Lee Folkins

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Lee Folkins
No. 81, 83, 80, 84
Position: Tight end
Personal information
Date of birth: (1939-07-04) July 4, 1939 (age 78)
Place of birth: Wallace, Idaho
Height: 6 ft 5 in (1.96 m)
Weight: 215 lb (98 kg)
Career information
High school: Roosevelt (WA)
College: Washington
NFL Draft: 1961 / Round: 6 / Pick: 82
Career history
Career highlights and awards
Career NFL statistics
Games played: 63
Receiving yards: 1,040
Receptions: 80
Receiving TDs: 10
Punting yards: 497
Player stats at NFL.com
Player stats at PFR

Lloyd Leroy Folkins (born July 4, 1939) is a former professional American football tight end in the National Football League for the Green Bay Packers, Dallas Cowboys and the Pittsburgh Steelers. He played college football at the University of Washington.

Early years[edit]

Folkins attended Roosevelt High School before accepting a scholarship from the University of Washington.

He started as a sophomore playing both offense and defense, standing out as an offensive end, where he eventually formed a massive duo with John Meyers, with both standing 6–5 and over 200 pounds each.[1]

In 1959, he helped the Huskies reach the 1960 Rose Bowl, winning it for the first time in school history, with a 44-8 upset against the University of Wisconsin.[2]

In 1960, he was a preseason All-American candidate and again helped the Huskies reach the 1961 Rose Bowl, which they won 17-7 against the University of Minnesota.[3]

Professional career[edit]

Green Bay Packers[edit]

Folkins was selected by the Green Bay Packers in the sixth round (82nd overall) of the 1961 NFL Draft.[4] He was converted to play tight end and was a reserve behind Ron Kramer. He was part of the Packers 1961 World NFL Championship Team, but spent most of his time playing special teams.

On September 4, 1962, he was traded to the Dallas Cowboys in exchange for an eighth-round draft choice (#104-Keith Kinderman).[5]

Dallas Cowboys[edit]

Folkins started the 1962 season as the backup for Pettis Norman at tight end, but by the fourth game he had won the starter position and developed into a very good pass receiver, catching 39 receptions for 536 yards and six touchdowns. In the 1962 Chicago College All-Star Game he swung at a collegiate player, but connected instead with the head official, rendering him unconscious.[6]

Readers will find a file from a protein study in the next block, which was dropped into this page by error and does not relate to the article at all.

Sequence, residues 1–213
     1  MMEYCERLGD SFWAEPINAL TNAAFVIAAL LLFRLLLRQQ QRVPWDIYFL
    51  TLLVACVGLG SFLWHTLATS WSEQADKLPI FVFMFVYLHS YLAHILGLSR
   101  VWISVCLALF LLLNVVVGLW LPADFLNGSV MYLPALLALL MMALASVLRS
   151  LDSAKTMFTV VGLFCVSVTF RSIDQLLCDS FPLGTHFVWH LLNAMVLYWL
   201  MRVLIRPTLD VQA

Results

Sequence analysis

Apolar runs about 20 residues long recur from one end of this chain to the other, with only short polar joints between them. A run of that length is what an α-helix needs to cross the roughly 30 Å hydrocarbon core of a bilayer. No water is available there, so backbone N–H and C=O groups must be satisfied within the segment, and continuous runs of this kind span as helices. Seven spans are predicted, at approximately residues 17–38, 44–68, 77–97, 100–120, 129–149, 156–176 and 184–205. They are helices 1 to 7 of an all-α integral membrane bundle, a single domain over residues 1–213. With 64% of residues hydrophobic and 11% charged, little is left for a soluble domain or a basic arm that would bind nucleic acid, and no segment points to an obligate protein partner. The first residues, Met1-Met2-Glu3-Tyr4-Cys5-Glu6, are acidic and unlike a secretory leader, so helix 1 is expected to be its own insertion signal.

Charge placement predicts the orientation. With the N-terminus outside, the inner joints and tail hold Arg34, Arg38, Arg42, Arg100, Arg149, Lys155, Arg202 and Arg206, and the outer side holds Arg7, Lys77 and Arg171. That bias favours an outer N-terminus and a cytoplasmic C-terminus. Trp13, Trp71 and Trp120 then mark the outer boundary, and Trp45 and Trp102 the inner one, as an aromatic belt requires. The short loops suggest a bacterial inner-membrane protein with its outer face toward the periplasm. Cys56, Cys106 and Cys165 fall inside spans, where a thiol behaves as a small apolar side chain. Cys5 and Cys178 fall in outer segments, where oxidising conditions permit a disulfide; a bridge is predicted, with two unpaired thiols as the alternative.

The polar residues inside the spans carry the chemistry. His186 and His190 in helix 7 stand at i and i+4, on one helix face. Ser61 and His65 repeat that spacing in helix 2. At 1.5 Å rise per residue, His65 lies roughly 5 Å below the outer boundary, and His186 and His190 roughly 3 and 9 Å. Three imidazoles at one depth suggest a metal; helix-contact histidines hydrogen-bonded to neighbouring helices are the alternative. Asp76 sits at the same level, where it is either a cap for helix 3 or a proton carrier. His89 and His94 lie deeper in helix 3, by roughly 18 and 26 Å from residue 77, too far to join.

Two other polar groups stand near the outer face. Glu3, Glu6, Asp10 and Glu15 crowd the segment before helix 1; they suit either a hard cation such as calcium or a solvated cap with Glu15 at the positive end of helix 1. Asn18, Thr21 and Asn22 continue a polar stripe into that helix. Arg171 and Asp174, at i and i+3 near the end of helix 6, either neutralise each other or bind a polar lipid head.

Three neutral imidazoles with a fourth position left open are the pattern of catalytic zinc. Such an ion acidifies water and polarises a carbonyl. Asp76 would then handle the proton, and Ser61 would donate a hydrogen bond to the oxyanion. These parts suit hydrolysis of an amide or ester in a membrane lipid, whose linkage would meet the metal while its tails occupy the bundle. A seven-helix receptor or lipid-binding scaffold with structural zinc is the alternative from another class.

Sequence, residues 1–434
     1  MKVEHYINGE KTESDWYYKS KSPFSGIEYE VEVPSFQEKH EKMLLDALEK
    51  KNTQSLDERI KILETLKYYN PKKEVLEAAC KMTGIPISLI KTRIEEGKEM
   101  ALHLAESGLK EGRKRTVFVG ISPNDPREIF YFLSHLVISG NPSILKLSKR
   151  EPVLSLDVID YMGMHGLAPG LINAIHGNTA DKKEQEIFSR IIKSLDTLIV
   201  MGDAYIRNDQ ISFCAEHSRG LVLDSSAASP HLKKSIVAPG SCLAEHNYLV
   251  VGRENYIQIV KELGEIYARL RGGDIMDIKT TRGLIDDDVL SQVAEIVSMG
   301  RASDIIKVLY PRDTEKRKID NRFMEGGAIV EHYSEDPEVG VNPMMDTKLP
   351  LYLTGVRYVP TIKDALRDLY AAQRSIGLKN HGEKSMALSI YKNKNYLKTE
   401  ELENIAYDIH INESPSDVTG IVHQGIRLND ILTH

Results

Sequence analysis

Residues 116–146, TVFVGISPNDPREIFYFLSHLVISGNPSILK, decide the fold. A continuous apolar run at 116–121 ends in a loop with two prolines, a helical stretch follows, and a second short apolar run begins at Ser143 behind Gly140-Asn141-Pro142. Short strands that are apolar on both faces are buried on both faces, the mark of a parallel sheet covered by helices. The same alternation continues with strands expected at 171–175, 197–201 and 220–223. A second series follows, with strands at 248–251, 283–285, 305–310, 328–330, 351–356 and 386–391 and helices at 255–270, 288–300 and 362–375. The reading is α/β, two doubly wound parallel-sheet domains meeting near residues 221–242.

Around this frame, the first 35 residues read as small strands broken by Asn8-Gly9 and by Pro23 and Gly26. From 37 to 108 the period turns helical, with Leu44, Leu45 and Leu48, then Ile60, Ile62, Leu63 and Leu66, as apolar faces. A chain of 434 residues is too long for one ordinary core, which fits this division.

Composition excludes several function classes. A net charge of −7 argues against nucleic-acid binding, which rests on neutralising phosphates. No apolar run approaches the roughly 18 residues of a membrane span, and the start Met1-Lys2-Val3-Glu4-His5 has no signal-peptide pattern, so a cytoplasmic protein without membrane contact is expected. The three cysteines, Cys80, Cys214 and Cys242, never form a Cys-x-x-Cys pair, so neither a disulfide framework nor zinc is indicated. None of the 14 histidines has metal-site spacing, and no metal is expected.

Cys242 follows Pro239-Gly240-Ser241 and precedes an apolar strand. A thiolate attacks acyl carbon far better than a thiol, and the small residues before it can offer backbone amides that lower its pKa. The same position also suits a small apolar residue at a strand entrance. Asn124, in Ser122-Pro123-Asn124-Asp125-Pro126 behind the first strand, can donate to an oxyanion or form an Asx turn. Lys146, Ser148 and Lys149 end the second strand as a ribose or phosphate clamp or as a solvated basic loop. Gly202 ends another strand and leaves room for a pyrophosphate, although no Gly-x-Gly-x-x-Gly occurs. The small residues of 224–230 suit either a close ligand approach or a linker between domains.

He made the Pro Bowl in 1963 after making 31 catches for 407 yards and 4 touchdowns, becoming part of the franchise's legacy of Pro Bowl tight ends that includes: Jim Doran, Dick Bielski, Mike Ditka, Billy Joe Dupree, Jackie Smith, Doug Cosbie, Jay Novacek and Jason Witten.[7]

After catching 70 passes his first two seasons in Dallas, Folkins caught only five passes in 1964 due to injury, but had 15 punts for 497 yards. On September 6, 1965, he was traded to the Pittsburgh Steelers in exchange for a twelfth round draft choice (#173-Les Shy).[8]

Pittsburgh Steelers[edit]

In 1965, Folkins didn't have a big impact with the Pittsburgh Steelers because of recurring injuries, but he played a part in beating the Cowboys that season, he recovered a Bob Hayes kickoff fumble that he returned for a touchdown and afterwards tossed the ball to a surprised Tom Landry.[9]

After playing in only 8 games and catching just five receptions, he decided to the retire at the end of the 1965 season. He played for five years, with 80 receptions for 1,042 yards and 10 touchdowns.

Personal life[edit]

Folkins survived a 66,000 volt jolt, that happened during a work accident.[10]


  1. ^ "Wisconsin, Huskies Seek 1st Bowl Win". Retrieved February 19, 2016. 
  2. ^ "Huskies Stun Wisconsin In Rose Bowl, 44-8". Retrieved February 19, 2016. 
  3. ^ "Huskies Charge Past Minnesota". Retrieved February 19, 2016. 
  4. ^ "Packers Sign End Folkins, Rose Bowl Star". Retrieved February 19, 2016. 
  5. ^ "Cowboys Get Lee Folkins". Retrieved February 19, 2016. 
  6. ^ "Sports Briefs". Retrieved May 14, 2017. 
  7. ^ "Eastern Players Named For Pro-bowl Grid Tilt". Retrieved February 19, 2016. 
  8. ^ "Nixon Named Steeler Coach". Retrieved February 19, 2016. 
  9. ^ "Cowboys Victors". Retrieved February 19, 2016. 
  10. ^ "A 66,000-volt Jolt, But He Walked Away". Retrieved February 19, 2016.